"Not much. Oh, we got a few e-mails from students calling us communists or pawns of the protestors. And a letter from Councilman Boodle saying we were wrong and the project would be good for everybody. The woman leading the protest called to thank us. That was about it."

Angela was silent for a moment, as her gaze dropped to the floor. When she looked at Mike again, her expression had turned serious.

"Mike, I got a call from the dean this morning. He said Harken Hall and the trustees are upset about the stories and the editorial. They say you've presented a slanted picture."

"No way! I interviewed Weeken himself. And I tried to talk to Boodle, but that jerk wouldn't see me. Same with Lynch."

"I know. But Lynch is pissed. When you come back in January, the dean wants you to do a positive story on the project and its benefits. He said the PR office would give you all the information you need and quotes from Lynch and Weeken. And he wants another editorial apologizing for the mistakes in the one you wrote this week."

"What? That's bullshit! No respectable journalist would do that."

"Mike, I agree with you. I'm just telling you what he said. I'm not saying you should do it. But you have to remember that you are still a student, and they have the control. They could make things really tough for you. It's my duty to make you aware of the consequences of going against them, but deciding what to do is up to you."

"What could they do? Shut down the paper? Keep me from graduating?"

"I wouldn't put anything past them."

"Isn't there anything you can do? You're the paper's adviser."

Angela knew this was coming, and Mike's words were a punch to her stomach. What good was she to him now? She felt helpless and worthless. She softened her tone.

"Mike, I've essentially been ordered to rein you in. I won't do that. But I don't have the power to hold them off. All I can do now is support your decision. Please think about it over the break. As soon as everybody's back, you can call a meeting of the staff and get their input."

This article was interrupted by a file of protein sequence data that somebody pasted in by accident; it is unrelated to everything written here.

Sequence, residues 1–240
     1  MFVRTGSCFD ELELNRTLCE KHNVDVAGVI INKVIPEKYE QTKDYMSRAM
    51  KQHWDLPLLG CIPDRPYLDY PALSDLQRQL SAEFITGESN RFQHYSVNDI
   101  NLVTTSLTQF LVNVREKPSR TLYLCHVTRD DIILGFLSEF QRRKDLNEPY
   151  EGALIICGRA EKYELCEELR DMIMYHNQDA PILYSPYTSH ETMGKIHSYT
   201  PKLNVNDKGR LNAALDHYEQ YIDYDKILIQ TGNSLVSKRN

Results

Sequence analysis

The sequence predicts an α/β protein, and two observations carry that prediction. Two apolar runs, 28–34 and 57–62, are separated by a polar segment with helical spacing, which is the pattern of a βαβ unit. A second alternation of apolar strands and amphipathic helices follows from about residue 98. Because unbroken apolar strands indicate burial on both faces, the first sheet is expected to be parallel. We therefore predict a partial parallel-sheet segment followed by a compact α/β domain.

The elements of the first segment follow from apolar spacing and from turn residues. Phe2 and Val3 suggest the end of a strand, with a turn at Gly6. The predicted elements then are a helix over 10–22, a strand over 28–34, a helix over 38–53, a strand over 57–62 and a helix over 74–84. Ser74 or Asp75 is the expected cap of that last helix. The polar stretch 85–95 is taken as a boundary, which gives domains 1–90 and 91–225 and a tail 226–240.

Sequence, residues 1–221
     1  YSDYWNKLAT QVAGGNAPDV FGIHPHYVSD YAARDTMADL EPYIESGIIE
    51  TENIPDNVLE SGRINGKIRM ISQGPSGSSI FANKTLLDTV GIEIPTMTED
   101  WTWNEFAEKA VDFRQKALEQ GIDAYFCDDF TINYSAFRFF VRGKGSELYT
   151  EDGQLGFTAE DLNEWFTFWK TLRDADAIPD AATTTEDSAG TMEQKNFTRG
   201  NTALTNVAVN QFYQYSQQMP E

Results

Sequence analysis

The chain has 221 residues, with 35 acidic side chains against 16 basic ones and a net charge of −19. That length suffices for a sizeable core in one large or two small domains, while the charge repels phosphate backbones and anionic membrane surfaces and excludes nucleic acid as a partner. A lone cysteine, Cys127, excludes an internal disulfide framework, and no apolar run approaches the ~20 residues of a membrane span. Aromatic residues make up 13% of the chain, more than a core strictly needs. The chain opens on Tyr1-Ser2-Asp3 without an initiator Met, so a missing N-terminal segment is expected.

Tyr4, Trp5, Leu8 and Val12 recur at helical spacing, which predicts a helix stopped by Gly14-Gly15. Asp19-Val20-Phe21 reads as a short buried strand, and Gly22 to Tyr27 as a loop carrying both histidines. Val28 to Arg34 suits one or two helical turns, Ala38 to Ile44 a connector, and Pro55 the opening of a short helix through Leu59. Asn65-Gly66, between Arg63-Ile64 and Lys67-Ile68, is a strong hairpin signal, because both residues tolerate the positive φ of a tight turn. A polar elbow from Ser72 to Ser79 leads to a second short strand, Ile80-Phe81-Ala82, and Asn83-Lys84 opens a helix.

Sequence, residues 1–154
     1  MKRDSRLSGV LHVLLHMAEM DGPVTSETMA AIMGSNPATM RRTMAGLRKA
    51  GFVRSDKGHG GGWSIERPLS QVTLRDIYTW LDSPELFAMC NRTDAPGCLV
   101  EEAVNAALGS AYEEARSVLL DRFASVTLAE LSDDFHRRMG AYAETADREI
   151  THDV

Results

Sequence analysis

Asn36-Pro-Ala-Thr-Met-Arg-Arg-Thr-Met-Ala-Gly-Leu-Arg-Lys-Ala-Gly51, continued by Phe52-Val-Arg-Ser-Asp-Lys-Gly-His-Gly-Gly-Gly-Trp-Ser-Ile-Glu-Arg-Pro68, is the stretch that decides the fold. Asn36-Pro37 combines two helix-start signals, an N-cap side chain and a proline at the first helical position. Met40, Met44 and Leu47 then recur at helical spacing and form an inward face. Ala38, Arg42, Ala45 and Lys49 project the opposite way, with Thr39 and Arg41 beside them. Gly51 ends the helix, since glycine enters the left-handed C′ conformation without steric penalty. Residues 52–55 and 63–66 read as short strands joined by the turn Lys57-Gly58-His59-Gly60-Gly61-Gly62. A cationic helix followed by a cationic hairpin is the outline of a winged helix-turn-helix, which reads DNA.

They sat in silence for a few moments.

"Yeah, I'll do that." Mike lifted himself slowly from the chair, and Angela could see he carried the added weight of this new burden. She wanted to tell him not to worry, that everything would turn out OK. But that would be a lie.

"I'll be in Chicago for two weeks visiting my family, and I'll call you when I get back. Try to have a merry Christmas."

"R...r...r...ight. You too. See you next year." He attempted a smile and raised his hand in a weak wave as he left her office. To Angela it felt more like a gesture of dismissal.

She watched Mike go and wondered what he would do. And what she would do. If he defied the order, how far was she willing to go to support him? Far enough to risk the tenure and promotion she coveted?


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Eva Augustin Rumpf is a former reporter, university journalism instructor and student media adviser. Her articles have appeared in newspapers and magazines around the country, and she is co-author of a self-help book on divorce. She lives in Milwaukee, Wisconsin, with her husband. PROT U is her first novel.